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Ports of Auckland dispute about job security not wages

Ports of Auckland dispute about job security not wages


The Maritime Union says repeated claims made in the media that the Ports of Auckland dispute is about wages are factually incorrect.


Maritime Union National President Garry Parsloe says the public have a right to know that the dispute is actually about job security.


He says due to the misinformation campaign, the Union would put the general points of its offer to the port company into the public domain.


As part of its offer to the company, the Maritime Union wanted work on container shuttles on the waterfront operated by MUNZ members to remain, with any overflow work to be negotiated.


The Maritime Union had proposed a realistic percentage increase on wages, with the current collective agreement and all terms and conditions including rosters rolled over for the term of the agreement.


The union had agreed to continue to work with the company on productivity, and drug and alcohol policy.


"In return our main request is that the jobs of our members are not contracted out as continually threatened by the port company as part of a strategy to undermine their employees job security."


"This dispute is about retaining job security, and ensuring workers have a family life that is not further disrupted by unsocial shifts and job insecurity."


Mr Parsloe says that offers made by Ports of Auckland management were simply cut and paste jobs with management appearing to want to talk to everyone but its workforce.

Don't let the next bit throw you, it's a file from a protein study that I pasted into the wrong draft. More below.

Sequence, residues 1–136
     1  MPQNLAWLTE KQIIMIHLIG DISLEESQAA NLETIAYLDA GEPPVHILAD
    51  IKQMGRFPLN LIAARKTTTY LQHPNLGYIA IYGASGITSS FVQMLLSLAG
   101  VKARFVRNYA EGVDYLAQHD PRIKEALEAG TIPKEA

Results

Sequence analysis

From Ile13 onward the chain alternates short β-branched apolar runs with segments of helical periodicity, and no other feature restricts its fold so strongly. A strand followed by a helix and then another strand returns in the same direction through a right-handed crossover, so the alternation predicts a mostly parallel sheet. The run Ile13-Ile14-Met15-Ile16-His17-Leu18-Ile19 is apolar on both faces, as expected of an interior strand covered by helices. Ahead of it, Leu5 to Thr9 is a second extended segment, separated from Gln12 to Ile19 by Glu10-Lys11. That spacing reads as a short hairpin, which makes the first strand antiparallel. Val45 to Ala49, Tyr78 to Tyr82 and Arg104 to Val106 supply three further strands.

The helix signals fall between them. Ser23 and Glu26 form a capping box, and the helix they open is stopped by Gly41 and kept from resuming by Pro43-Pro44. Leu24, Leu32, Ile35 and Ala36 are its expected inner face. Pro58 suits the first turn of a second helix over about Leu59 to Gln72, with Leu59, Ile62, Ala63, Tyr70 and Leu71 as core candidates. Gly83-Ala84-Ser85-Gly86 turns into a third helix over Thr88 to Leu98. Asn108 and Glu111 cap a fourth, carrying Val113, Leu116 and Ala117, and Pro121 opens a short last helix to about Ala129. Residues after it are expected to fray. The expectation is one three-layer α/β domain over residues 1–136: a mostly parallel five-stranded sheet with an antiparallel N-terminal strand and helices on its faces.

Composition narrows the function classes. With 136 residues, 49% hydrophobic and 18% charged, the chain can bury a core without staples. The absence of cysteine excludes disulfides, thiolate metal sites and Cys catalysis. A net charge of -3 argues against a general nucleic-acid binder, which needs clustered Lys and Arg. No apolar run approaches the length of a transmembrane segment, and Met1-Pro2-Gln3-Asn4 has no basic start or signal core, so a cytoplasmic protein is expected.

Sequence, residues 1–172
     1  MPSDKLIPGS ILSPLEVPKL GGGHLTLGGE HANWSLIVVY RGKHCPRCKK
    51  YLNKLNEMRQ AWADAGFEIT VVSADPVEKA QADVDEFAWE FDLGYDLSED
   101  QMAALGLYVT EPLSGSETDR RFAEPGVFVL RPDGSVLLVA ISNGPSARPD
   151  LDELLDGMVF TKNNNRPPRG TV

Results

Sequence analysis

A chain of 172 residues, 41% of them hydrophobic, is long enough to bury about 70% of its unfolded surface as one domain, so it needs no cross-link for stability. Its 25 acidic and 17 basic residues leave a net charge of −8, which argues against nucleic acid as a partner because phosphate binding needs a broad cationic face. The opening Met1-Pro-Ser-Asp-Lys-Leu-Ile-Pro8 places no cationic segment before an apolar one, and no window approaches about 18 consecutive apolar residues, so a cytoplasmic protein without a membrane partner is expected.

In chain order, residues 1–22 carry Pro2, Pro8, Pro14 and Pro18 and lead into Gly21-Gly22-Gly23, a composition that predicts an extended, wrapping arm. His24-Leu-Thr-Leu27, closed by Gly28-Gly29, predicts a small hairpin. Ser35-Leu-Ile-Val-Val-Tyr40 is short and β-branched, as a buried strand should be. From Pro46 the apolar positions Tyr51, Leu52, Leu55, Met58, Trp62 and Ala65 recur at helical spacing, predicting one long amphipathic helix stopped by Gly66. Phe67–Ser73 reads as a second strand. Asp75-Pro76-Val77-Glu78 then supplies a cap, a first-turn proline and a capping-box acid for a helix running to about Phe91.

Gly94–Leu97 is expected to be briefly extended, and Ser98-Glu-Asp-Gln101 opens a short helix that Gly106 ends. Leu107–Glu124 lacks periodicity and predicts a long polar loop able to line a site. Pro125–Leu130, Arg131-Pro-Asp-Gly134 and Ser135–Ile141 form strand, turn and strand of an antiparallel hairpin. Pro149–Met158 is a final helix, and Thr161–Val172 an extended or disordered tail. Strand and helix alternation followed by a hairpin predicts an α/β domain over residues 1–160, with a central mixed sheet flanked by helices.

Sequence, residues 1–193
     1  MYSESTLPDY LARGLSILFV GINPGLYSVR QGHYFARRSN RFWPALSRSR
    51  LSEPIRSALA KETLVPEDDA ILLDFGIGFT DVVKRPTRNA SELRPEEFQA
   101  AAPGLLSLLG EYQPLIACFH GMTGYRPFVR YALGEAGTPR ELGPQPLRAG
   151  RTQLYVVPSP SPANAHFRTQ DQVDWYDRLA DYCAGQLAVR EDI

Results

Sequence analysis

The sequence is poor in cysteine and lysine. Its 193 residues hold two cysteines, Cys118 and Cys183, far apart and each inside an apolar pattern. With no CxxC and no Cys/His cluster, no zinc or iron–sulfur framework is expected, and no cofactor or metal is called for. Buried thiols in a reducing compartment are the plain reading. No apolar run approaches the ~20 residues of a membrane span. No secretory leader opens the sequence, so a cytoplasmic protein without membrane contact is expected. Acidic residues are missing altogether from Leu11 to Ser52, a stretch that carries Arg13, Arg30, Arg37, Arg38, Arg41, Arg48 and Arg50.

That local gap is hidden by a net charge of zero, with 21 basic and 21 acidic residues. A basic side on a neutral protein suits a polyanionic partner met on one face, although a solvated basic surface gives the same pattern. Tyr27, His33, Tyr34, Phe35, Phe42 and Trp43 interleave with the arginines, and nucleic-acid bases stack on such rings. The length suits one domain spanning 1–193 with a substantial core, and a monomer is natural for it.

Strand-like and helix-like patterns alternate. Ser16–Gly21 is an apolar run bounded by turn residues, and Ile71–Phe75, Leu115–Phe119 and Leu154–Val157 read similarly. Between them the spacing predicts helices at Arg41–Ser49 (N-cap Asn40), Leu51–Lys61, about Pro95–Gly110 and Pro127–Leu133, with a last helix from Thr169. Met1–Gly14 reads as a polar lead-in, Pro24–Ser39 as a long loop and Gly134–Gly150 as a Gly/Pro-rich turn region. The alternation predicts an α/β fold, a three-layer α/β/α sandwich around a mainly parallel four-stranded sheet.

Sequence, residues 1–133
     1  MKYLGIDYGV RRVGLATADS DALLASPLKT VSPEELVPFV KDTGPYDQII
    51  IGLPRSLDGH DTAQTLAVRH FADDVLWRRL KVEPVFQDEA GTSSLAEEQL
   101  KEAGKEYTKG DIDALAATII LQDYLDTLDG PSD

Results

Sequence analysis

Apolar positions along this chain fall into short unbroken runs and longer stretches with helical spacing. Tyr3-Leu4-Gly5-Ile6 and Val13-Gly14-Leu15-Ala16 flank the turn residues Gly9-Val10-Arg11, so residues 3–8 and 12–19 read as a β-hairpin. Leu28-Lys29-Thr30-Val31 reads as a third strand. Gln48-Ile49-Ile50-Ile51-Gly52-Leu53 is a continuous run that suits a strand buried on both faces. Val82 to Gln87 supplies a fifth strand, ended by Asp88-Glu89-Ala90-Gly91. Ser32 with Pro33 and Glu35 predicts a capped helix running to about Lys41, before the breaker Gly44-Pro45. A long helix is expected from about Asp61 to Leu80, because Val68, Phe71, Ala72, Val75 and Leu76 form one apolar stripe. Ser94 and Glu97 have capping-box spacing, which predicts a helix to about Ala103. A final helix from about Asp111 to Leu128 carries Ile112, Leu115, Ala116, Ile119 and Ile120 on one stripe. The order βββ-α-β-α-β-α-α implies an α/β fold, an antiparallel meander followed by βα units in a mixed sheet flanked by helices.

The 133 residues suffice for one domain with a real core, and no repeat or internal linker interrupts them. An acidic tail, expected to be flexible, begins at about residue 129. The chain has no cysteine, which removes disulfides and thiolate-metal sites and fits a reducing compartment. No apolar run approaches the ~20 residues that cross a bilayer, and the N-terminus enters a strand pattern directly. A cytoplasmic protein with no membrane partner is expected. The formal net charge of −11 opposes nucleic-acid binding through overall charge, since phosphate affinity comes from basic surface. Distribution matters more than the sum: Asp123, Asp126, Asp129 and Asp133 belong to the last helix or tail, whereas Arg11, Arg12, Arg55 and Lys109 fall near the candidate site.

"The quantity of the offers is not the point. The quality and the genuine nature of the negotiations are what matter. One hundred offers are pointless if they are one hundred offers of rubbish."


Mr Parsloe says all New Zealand workers deserved secure jobs and a family life outside work.


He says the Union is always prepared to negotiate and wanted a resolution, but would not give away hard won job security.


Mr Parsloe says a misinformation campaign about wages and conditions at the port needed to be corrected, and he suggested the media examined the figures being thrown about more closely.


"Maritime Union figures show that a stevedore would have to work around 32 weeks of overtime a year to earn the figure the employer is stating, on top their base rate of 50-60K."


"What's more, those hours would be worked on round the clock shifts every day of the year."


Mr Parsloe says the Maritime Union gives a categorical assurance to the public of New Zealand that "we'd happily settle for $10 000 less a year for a 40 hour week than that figure they are saying we are getting at the moment for a 26 hour week. So there is no need to talk about the money any more, which was never the issue anyway."


He says the only people possibly earning inflated salaries at Ports of Auckland are senior management.


"We have repeatedly called for Ports of Auckland management to release a breakdown of the salaries, perks and leave provisions of senior management so the public have the full picture."


"They continue to ignore this request, which indicates they don't want the information made public. They are happy to misrepresent their workers, but not prepared to open themselves up to transparency, which we believe is quite shameful."


ENDS

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